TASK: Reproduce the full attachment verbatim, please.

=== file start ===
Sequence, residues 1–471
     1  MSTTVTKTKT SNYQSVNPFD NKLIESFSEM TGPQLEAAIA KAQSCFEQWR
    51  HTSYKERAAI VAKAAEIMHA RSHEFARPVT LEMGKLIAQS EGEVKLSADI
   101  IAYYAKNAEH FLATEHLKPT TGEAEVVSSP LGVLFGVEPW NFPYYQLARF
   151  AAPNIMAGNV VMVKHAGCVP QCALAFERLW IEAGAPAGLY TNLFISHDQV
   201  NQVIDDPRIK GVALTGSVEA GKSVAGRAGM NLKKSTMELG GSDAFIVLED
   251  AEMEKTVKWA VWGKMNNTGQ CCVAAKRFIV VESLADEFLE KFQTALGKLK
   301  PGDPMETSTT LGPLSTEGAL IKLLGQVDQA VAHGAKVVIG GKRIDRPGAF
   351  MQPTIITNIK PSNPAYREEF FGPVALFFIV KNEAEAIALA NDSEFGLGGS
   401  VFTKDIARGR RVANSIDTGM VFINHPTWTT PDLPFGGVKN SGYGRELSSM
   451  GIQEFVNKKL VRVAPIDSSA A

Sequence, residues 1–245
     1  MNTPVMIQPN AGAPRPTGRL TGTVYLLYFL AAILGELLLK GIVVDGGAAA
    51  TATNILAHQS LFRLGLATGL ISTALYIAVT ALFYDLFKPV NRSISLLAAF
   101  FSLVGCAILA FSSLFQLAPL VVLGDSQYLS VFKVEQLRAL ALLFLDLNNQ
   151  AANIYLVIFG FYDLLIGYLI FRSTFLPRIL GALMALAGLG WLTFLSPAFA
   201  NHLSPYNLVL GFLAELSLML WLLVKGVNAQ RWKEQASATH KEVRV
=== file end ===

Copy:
Sequence, residues 1–471
     1  MSTTVTKTKT SNYQSVNPFD NKLIESFSEM TGPQLEAAIA KAQSCFEQWR
    51  HTSYKERAAI VAKAAEIMHA RSHEFARPVT LEMGKLIAQS EGEVKLSADI
   101  IAYYAKNAEH FLATEHLKPT TGEAEVVSSP LGVLFGVEPW NFPYYQLARF
   151  AAPNIMAGNV VMVKHAGCVP QCALAFERLW IEAGAPAGLY TNLFISHDQV
   201  NQVIDDPRIK GVALTGSVEA GKSVAGRAGM NLKKSTMELG GSDAFIVLED
   251  AEMEKTVKWA VWGKMNNTGQ CCVAAKRFIV VESLADEFLE KFQTALGKLK
   301  PGDPMETSTT LGPLSTEGAL IKLLGQVDQA VAHGAKVVIG GKRIDRPGAF
   351  MQPTIITNIK PSNPAYREEF FGPVALFFIV KNEAEAIALA NDSEFGLGGS
   401  VFTKDIARGR RVANSIDTGM VFINHPTWTT PDLPFGGVKN SGYGRELSSM
   451  GIQEFVNKKL VRVAPIDSSA A

Sequence, residues 1–245
     1  MNTPVMIQPN AGAPRPTGRL TGTVYLLYFL AAILGELLLK GIVVDGGAAA
    51  TATNILAHQS LFRLGLATGL ISTALYIAVT ALFYDLFKPV NRSISLLAAF
   101  FSLVGCAILA FSSLFQLAPL VVLGDSQYLS VFKVEQLRAL ALLFLDLNNQ
   151  AANIYLVIFG FYDLLIGYLI FRSTFLPRIL GALMALAGLG WLTFLSPAFA
   201  NHLSPYNLVL GFLAELSLML WLLVKGVNAQ RWKEQASATH KEVRV